One of the few surviving buildings from the magnificent Crystal Palace is today a museum that’s open one day a week to visit.

Sitting right next to the south tower was a small brick building used as a lecture room, and although the rest of the building was destroyed in the great fire, this small lecture hall managed to survive.

In 1980, it was reopened as the Crystal Palace Museum and is open every Sunday for free.

It’s just one fairly large room, and the museum is mainly an extensive collection of photos and drawings telling the history of the exhibition centre and the reshaping of the fields into the Crystal Palace Park.

Although I knew this part of London is named after the Crystal Palace, I had assumed without checking that the name was created by the arrival of the building — in fact, the area was officially part of Penge, but the Crystal Palace developers called the area Sydenham, after the nearby fashionable mineral water spas. Penge was a bit downmarket at the time.

Only later did the area adopt the name of the building that no longer stands here.

It’s nuggets such as that which fill the museum displays, and you can learn an awful lot here, although candidly, if you’re really interested, then a book will serve you better.

There are a few small displays of objects from the palace before it burnt down, and two large models of the building, with their tall water towers, and one showing the original long side arms which were removed before the rest was engulfed in flames.

There’s quite a lot to look at, and plenty to learn, but the reliance on photos and captions does leave the museum feeling a bit lacking in three-dimensionality in the displays.

It also has a bit of an odd air about it, which seems to remind me very strongly of 1970s-80s museums which seemed to predominantly use pale pastel shades for their display rooms so a visit here was a bit of a memory dump back to hours spent looking at old wooden display cases in pale austere rooms.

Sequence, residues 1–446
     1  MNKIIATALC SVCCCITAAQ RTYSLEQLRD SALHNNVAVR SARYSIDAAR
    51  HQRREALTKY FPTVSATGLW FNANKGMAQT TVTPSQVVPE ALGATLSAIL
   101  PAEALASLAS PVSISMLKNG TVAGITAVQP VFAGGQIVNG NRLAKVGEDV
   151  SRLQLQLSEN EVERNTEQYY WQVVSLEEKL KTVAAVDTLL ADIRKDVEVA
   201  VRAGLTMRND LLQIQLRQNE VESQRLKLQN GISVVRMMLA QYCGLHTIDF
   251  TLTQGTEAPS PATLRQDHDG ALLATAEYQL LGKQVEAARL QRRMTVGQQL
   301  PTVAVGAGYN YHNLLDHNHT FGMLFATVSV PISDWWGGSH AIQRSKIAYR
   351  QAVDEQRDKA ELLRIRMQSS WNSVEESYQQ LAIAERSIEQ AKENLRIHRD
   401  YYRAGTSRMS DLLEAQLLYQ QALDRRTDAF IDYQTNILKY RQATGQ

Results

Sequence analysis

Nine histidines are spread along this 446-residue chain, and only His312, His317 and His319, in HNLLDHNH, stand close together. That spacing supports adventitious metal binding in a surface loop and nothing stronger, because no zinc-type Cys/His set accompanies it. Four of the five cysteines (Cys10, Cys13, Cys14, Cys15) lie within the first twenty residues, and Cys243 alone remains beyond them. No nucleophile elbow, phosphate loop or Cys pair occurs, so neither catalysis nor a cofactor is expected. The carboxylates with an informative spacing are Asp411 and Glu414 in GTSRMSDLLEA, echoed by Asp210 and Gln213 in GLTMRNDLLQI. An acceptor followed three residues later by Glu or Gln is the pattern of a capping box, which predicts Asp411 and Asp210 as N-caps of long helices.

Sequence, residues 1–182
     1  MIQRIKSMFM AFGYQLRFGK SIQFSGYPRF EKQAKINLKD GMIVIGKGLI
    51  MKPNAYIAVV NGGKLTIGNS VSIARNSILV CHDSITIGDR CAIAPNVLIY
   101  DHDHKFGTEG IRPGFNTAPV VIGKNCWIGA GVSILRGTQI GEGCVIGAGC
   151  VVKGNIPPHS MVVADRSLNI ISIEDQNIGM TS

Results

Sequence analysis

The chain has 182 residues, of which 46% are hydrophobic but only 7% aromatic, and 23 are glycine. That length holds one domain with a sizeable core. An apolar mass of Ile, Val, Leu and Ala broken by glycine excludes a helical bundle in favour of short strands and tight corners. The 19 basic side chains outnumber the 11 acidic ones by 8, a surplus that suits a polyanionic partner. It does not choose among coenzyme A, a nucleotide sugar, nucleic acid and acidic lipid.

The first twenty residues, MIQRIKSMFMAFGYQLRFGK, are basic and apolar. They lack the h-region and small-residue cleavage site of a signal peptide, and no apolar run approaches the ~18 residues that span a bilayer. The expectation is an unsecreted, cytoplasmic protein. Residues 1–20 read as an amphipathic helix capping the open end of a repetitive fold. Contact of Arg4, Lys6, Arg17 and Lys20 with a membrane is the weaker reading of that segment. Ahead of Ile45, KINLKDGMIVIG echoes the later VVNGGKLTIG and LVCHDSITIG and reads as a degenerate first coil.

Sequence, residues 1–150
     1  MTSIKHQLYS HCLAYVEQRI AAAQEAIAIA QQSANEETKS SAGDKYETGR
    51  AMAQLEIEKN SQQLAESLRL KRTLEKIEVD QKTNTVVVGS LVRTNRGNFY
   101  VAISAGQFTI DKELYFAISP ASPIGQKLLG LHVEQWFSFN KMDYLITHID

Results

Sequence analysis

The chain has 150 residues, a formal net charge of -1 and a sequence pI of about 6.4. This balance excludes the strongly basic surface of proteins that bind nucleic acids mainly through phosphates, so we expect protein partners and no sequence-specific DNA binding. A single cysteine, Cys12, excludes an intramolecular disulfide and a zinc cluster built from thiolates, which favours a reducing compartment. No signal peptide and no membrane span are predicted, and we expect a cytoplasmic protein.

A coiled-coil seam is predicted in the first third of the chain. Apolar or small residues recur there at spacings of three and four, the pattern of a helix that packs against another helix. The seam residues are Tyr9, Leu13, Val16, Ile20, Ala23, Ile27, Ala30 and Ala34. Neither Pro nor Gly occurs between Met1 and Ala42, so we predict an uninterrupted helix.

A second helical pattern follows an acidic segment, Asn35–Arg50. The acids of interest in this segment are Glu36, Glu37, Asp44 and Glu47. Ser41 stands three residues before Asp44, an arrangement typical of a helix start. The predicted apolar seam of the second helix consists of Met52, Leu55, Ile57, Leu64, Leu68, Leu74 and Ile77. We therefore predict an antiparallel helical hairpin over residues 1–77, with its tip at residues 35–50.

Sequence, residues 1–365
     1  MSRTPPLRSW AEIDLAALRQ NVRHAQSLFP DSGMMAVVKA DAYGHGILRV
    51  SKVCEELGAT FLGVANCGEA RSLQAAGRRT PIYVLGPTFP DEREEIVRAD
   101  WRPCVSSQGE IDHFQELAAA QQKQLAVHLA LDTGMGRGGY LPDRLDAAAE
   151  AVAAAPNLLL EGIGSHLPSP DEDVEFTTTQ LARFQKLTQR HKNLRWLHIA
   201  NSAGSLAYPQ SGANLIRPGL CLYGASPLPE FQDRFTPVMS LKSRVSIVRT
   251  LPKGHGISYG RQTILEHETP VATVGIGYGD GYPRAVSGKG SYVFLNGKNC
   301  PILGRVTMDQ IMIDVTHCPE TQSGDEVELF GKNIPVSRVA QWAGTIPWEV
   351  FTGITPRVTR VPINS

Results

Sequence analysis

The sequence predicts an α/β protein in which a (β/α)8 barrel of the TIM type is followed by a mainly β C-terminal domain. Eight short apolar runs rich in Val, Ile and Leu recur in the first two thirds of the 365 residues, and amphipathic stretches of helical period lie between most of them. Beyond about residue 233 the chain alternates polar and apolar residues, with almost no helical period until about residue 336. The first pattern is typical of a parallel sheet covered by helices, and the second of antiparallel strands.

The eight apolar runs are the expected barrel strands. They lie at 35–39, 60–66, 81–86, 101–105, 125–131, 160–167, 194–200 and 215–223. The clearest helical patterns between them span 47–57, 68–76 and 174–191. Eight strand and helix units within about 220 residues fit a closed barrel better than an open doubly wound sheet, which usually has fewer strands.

It’s a museum to visit if you’re in the area, if only to say you have visited.

What’s worth also seeing is what’s outside the museum, as in one corner are some old stone sculptures, but much more interesting is an old weighbridge in the road — used to ensure that vans arriving at the palace complied with weight restrictions.

There’s also the base of the southern tower right next to the museum entrance, not signposted, but pretty obvious once you realise what it once was.

The Crystal Palace museum is open on Sundays from 11am, and closes at 3pm in the winter and 4pm in the summer. The easiest way to find it would be to arrive by train, and when leaving Crystal Palace station, turn left onto the main road and then head up the hill. The museum entrance is signposted about halfway up the hill.

There’s also a monthly guided tour in the summer months, check their website for details.


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  1. Bob says:

    “Although candidly, if you’re really interested, then a book will serve you better.”

    Haha. Is this your first visit to a museum, Ian? No museum is as dense as a book…

  2. Johnny Directions says:

    Turn right up the hill not left

    • Patricia Wainwright says:

      Turn left out of the station, walk down to the main road then turn right up the hill.

  3. John Greatrex says:

    Congratulations ‘ian’ on creating this excellent site concerning the Crystal Palace Museum.

    Authentic items are whenever possible on display in the museum including the display cabinets which were donated by the Victoria and Albert Museum.

    The museum was established following the creation in 1979 of the Crystal Palace Foundation by two of its committee members Mr Ken Kiss and Mr Barrie McKay.

    John Greatrex FRSA
    Founder Chairman: Crystal Palace Foundation
    Director: Great Exhibitions Ltd

  4. Paulette says:

    Ian, please recommend a book about The Crystal Palace?

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